« CFP: National Conference of Constitutional Law Scholars | Main | Inazu responds to Horwitz's review of "Confident Pluralism" »

Saturday, July 22, 2017

Update on late-game fouling and the "Elam Ending"

In April I wrote about the proposal from Nick Elam to eliminate late-game fouling basketball by making the end of the game untimed and playing to a target score (+7 of the leading team when the clock is turned off in the final minute). The Basketball Tournament implemented the Elam Ending for its 16-team pre-tournament; it now reports on the results--there was no late-game fouling, some exciting comebacks, and the final time time lasted between two and five minutes of game time.

Posted by Howard Wasserman on July 22, 2017 at 04:13 PM in Howard Wasserman, Sports | Permalink


As long as there is a game clock, trailing teams must be able to foul in the final minutes--there simply is no other way to come back when the leading team has no incentive to shoot. At best, shortening the shot clock delays the point at which teams feel they need to start fouling. But at some point the shot clock is going to be turned off and a trailing team cannot do anything else but foul.

Hack-a-Shaq is not a problem in the final minutes--teams are not targeting bad FT shooters off the ball. The fouls are always on the person with the ball, who is usually the team's best ballhandler and FT shooter.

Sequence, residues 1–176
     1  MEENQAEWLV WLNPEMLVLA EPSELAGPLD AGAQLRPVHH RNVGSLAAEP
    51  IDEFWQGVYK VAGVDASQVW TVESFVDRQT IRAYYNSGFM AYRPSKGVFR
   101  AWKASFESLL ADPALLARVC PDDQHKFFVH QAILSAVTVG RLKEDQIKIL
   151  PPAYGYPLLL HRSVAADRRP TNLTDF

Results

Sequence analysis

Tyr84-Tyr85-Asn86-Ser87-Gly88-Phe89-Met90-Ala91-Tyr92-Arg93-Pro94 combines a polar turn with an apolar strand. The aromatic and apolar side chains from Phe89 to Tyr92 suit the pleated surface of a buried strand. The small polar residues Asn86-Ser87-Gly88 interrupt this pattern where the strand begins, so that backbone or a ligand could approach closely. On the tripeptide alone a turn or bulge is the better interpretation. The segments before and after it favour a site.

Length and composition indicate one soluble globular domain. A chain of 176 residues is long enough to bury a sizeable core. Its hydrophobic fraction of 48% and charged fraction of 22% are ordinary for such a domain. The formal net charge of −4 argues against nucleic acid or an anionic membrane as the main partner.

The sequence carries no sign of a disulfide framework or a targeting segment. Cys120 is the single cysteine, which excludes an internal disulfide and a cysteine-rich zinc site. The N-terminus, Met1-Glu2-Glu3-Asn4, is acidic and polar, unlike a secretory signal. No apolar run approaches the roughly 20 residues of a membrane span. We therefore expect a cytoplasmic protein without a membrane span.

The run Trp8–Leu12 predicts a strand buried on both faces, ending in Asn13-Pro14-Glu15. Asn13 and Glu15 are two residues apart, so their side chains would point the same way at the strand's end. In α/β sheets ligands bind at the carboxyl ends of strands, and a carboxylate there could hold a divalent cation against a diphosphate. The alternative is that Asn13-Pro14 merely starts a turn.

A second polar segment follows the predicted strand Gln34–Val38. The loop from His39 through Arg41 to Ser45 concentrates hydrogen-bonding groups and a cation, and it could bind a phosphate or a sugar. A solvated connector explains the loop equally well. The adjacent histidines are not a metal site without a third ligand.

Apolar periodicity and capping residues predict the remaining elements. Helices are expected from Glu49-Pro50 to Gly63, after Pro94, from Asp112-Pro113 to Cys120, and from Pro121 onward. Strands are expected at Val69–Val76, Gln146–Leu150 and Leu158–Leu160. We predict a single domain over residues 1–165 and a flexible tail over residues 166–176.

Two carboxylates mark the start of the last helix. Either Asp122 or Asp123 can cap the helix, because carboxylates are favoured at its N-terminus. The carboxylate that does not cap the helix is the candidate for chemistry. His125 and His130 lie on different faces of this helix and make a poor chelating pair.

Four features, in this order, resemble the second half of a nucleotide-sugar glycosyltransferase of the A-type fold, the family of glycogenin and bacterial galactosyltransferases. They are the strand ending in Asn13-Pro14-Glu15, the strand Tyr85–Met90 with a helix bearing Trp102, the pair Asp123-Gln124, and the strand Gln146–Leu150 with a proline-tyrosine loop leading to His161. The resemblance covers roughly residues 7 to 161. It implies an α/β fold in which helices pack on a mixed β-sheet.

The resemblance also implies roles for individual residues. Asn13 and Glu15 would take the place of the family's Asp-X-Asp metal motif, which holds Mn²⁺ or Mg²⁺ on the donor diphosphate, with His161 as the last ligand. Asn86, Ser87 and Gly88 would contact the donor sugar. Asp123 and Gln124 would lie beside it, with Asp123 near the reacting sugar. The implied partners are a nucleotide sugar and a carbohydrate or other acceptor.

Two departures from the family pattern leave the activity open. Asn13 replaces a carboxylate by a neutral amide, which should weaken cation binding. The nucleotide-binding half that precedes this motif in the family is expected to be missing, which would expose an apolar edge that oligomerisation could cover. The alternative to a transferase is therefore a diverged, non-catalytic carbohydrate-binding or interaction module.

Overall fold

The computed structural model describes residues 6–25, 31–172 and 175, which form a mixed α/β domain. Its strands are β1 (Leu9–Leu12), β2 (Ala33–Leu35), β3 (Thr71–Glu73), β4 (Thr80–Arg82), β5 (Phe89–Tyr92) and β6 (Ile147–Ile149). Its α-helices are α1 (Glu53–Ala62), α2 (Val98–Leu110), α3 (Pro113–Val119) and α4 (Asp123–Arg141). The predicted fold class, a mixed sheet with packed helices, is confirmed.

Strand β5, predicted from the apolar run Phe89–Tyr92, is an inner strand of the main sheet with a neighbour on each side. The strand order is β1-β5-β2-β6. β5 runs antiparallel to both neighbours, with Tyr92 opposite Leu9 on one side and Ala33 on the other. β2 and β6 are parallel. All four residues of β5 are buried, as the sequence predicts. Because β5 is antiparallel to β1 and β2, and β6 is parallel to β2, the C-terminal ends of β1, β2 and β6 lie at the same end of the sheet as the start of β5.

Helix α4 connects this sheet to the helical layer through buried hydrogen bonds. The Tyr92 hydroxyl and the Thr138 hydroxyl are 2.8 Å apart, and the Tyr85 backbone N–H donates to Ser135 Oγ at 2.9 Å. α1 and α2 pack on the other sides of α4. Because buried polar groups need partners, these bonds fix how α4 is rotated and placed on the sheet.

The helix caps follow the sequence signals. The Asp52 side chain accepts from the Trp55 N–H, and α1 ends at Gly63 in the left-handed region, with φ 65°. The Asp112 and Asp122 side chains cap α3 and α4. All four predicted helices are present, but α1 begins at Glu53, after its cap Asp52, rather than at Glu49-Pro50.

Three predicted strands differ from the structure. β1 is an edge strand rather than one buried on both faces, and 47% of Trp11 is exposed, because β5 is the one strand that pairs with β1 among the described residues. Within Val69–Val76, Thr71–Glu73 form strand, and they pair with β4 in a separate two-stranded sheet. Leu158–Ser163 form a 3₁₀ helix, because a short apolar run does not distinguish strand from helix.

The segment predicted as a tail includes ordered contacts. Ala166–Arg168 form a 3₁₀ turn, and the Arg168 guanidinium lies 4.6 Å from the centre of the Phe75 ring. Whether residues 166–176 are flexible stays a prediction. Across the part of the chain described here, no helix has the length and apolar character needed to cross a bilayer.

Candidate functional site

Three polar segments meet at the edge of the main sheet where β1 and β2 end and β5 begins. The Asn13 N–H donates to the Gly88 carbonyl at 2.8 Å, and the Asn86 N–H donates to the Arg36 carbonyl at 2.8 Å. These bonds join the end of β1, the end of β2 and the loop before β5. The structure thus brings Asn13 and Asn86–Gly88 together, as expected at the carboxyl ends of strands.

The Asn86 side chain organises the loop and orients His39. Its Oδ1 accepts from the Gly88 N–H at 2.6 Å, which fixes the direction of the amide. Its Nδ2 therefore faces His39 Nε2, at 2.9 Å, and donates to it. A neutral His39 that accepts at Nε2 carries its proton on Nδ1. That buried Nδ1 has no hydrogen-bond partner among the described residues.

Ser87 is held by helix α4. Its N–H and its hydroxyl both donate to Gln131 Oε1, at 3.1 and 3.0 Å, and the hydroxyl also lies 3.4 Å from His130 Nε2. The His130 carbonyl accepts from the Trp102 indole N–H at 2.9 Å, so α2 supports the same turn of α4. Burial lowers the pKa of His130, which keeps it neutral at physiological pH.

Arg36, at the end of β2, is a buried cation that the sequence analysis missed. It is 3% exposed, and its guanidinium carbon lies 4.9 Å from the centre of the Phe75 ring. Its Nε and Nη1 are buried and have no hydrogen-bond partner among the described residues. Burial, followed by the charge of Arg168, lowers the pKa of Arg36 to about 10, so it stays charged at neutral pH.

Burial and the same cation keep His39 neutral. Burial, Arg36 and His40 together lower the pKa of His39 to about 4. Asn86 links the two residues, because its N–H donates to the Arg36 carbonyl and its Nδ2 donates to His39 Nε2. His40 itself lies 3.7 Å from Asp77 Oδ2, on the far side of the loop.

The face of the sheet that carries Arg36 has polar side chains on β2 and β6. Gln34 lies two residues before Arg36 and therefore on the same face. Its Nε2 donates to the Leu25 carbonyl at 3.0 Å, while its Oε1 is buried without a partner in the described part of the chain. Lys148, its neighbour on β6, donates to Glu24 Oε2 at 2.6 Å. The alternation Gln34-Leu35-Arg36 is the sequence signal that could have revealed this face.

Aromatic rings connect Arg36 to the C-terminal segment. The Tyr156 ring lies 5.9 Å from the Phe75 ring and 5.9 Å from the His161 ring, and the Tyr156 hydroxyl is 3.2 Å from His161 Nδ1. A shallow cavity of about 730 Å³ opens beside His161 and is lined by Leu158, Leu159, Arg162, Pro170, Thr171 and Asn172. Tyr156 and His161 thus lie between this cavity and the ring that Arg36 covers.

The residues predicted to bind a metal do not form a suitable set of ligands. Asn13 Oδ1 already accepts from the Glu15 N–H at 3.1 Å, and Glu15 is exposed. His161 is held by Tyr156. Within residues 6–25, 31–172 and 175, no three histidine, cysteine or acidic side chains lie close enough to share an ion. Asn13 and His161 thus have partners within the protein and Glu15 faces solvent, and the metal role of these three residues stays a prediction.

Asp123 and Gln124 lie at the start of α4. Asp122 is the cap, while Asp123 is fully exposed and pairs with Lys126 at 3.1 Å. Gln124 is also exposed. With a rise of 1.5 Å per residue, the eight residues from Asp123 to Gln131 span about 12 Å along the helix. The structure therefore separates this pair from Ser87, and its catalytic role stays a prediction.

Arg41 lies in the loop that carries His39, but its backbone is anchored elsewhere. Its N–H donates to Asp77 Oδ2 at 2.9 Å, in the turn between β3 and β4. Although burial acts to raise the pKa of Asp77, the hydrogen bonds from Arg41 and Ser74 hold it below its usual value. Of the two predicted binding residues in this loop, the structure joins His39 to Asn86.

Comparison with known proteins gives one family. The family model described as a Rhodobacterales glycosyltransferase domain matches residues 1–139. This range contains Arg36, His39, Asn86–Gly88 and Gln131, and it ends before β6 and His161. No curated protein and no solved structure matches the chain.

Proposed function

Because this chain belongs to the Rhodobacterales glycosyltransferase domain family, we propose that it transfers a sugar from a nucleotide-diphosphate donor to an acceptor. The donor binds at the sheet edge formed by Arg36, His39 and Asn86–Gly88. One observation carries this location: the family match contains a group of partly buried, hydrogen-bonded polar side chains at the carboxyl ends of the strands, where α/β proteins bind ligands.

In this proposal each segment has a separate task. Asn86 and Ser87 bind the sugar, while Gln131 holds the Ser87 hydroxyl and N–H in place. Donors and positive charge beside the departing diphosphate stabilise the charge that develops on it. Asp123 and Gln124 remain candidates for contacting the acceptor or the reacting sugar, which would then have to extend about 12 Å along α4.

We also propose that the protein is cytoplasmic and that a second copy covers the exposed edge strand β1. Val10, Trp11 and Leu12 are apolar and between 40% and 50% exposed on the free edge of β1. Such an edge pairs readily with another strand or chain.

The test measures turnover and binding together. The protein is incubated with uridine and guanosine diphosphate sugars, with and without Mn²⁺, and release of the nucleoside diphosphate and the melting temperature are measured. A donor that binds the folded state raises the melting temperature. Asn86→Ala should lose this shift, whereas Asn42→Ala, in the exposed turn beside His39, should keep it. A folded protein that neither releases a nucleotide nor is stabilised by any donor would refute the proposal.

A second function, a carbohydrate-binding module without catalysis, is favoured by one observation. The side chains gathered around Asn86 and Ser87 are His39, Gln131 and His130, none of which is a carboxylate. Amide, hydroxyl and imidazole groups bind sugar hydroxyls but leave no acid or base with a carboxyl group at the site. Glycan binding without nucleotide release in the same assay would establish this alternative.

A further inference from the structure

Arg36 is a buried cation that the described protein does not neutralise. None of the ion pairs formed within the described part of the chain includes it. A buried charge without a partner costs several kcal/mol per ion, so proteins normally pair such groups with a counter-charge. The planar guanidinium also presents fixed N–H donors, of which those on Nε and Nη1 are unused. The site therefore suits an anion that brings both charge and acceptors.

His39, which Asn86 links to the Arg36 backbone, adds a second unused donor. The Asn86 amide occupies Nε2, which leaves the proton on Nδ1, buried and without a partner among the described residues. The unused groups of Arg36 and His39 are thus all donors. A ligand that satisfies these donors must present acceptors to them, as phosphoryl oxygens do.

Posted by: Howard Wasserman | Jul 29, 2018 11:39:29 AM

I think the Elam Ending takes away one of the essential elements of any game: playing to the whistle. Sure, some folks run out the clock, but that's a time honored tradition. The notion of just playing to points turns games into playground ball, and it rubs me the wrong way.

I think a much better way is to tweak the rules to discourage fouling:
1. All fouls in the last two minutes are 2 shots (no fouls to give, no 1 and 1)
2. More draconian: fouled team gets to choose who shoots (no hack a Shaq)
3. Really draconian: 3 shots on a foul
4. To even it up, shot clock is 7 seconds shorter from 2:00 to 1:00 and 10 seconds shorter from 1:00 to 0:00.

This would force play, eliminate fouls, and keep the essential time element of the game intact.

Posted by: Michael Risch | Jul 29, 2018 10:48:10 AM

Interesting idea. But I am not sure it is simpler. There can be lead changes, which could create confusion for officials and players as to when the clock should be on or off. It also may be over-inclusive, if the clock is off in a one-point, when the trailing team has no incentive to foul.

Posted by: Howard Wasserman | Jul 28, 2018 3:49:04 PM

The Elam Ending is a good idea, but here's a better, simpler and less radical way to eliminate multiple deliberate fouls by a trailing team in the closing minutes of a game. This way would also keep buzzer beaters and overtime as part of the game.
One new rule is all that's needed. During then last 2 minutes of the second half and the last 2 minutes of any overtime period, the game clock would stop when a team with a lead has possession of the ball. The game clock would run normally when a team that was trailing has the ball and when the score is tied. The shot clock rule would not change; it would be in effect all the time.

Posted by: Sheldon Burke | Jul 28, 2018 3:03:35 PM